Simultaneous EEG Recordings from Olfactory and Limbic Brain Structures: Limbic Markers during Olfactory Perception

  • Leslie Kay
  • Walter J. Freeman
  • Larry R. LancasterJr.


We approach the question of how the brain may expect a known olfactory stimulus. EEG data were recorded from rats simultaneously from the olfactory bulb (OB), prepiriform cortex (PPC), entorhinal cortex (EC), and dentate gyms (DG) of the hippocampus. The animals were trained in a classical paradigm to identify two odors.

The problem of nonstationarity in analyzing the EEG time series was compounded by the brief duration and only loosely time-locked perceptual event. We used several statistical and dynamical methods to show the relationship of activity among the four structures during odor identification. Tools used were correlation distributions and coherence in different behavioral time segments and a new technique to measure the system’s transit in and out of putative chaotic attracted states.

Results show three significant features of the system, which occur reliably during odor identification and unreliably or insignificantly in control periods. We show gamma burst (40–160 Hz) coherence among all four studied structures during odor identification. We have previously identified this burst period as a perceptually defined event, so this ties the hippocampus strongly to olfactory perception. The second feature is the apparent centrifugal transmission of a proposed biasing signal in the beta band (15–35 Hz) from the entorhinal cortex to the olfactory bulb just before the onset of the gamma burst in the olfactory bulb. We have coined the term “preafference” to identify this as an expectation signal, after a generalization of the model of reafference presented by von Holst and Mittelstaedt in 1950. The third feature is a gamma burst apparently initiated in the prepyriform cortex, which is then passed back to the olfactory bulb just after the primary bulb burst. We label this the reafferent or “handshaking” signal, which could serve to adjust the dynamics of the system as it diverges from what was expected before the stimulus arrival.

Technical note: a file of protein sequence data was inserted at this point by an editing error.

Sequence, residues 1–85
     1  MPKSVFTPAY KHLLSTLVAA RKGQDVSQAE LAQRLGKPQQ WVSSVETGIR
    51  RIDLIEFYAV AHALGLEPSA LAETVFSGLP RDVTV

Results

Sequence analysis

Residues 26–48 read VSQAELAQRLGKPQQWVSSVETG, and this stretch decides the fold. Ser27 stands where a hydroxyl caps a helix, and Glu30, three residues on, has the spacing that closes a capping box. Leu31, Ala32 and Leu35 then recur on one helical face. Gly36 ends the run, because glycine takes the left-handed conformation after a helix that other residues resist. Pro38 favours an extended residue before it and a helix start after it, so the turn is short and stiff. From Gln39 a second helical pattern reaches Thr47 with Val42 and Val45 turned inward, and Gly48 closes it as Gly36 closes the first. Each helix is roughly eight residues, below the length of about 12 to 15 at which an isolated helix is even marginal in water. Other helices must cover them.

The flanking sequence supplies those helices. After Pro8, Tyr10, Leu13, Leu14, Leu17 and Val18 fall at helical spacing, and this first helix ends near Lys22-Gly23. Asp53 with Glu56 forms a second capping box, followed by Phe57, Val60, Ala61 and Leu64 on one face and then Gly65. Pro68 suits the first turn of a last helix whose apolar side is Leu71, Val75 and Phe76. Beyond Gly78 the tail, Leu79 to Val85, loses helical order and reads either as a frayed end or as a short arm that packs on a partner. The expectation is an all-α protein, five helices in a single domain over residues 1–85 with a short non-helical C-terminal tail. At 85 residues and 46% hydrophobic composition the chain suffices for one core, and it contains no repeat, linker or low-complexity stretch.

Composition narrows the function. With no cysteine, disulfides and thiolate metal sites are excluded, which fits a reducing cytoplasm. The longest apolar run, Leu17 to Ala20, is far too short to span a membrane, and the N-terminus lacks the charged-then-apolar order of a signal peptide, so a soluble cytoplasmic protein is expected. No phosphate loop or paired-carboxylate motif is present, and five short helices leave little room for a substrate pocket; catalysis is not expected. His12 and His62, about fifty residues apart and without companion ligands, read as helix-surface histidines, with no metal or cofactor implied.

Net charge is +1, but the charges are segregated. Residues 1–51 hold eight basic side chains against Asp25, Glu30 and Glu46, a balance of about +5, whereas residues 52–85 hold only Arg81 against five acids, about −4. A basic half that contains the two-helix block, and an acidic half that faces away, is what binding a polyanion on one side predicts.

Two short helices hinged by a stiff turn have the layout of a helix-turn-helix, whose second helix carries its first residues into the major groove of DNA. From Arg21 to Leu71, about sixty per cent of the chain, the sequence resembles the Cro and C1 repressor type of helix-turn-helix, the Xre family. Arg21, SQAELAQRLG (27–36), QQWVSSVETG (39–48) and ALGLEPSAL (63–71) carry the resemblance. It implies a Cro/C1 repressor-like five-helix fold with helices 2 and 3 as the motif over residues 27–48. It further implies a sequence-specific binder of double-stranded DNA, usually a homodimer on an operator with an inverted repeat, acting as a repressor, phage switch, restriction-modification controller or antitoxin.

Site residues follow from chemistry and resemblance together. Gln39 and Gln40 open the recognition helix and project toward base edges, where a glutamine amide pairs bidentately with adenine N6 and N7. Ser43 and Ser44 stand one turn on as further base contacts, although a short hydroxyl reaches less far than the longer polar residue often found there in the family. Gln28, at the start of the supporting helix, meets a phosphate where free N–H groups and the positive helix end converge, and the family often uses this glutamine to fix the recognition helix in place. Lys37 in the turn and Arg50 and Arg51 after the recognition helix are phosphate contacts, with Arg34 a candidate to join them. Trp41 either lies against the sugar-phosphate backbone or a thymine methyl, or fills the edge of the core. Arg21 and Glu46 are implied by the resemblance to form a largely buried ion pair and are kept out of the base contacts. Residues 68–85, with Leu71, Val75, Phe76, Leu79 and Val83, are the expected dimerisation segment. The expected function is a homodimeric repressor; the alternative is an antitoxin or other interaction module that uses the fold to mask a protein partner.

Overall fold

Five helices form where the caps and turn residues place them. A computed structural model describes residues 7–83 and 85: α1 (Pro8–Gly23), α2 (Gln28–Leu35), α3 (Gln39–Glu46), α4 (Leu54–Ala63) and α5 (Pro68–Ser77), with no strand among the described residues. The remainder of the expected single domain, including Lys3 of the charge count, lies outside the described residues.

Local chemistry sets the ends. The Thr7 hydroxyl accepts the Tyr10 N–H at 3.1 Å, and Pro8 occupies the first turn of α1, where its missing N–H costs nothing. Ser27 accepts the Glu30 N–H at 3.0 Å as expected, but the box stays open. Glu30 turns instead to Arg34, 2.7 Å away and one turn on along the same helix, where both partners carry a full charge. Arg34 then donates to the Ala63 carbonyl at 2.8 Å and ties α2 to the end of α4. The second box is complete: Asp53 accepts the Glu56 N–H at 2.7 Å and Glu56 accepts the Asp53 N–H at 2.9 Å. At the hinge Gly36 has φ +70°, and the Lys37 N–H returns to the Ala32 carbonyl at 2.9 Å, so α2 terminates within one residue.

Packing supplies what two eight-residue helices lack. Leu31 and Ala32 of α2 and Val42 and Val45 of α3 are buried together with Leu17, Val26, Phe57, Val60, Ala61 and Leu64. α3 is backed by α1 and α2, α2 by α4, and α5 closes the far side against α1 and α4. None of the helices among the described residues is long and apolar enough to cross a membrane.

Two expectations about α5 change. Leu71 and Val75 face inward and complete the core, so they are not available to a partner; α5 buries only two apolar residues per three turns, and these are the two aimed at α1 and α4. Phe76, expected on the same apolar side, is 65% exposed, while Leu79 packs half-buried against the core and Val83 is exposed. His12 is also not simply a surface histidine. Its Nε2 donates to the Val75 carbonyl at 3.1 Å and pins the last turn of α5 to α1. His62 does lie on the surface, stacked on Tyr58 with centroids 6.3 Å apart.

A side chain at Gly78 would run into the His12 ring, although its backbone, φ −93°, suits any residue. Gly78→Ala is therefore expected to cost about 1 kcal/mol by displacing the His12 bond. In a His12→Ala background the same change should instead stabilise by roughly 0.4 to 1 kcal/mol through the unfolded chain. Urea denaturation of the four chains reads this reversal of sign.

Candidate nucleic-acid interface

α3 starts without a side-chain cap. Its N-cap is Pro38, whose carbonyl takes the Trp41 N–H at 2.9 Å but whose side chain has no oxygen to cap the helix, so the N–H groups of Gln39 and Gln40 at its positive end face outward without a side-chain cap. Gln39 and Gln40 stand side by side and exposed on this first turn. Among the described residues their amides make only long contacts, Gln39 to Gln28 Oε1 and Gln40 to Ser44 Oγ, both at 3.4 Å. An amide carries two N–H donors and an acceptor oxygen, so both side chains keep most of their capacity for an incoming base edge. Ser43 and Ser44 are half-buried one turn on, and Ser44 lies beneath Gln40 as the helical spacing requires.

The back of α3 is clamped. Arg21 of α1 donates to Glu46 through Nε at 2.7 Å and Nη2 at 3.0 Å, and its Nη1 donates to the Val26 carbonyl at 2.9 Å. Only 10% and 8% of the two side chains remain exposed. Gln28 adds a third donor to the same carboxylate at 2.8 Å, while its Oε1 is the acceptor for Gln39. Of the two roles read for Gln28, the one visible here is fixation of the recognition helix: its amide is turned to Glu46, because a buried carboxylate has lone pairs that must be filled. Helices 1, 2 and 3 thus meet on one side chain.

Olfactory Bulb Dentate Gyrus Entorhinal Cortex Theta Rhythm Gamma Band 
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Copyright information

© Springer Science+Business Media New York 1996

Authors and Affiliations

  • Leslie Kay
    • 1
  • Walter J. Freeman
    • 2
  • Larry R. LancasterJr.
    • 2
  1. 1.Graduate Group in BiophysicsUSA
  2. 2.Dept. of Molecular and Cell BiologyNeurobiology Division University of CaliforniaBerkeleyUSA

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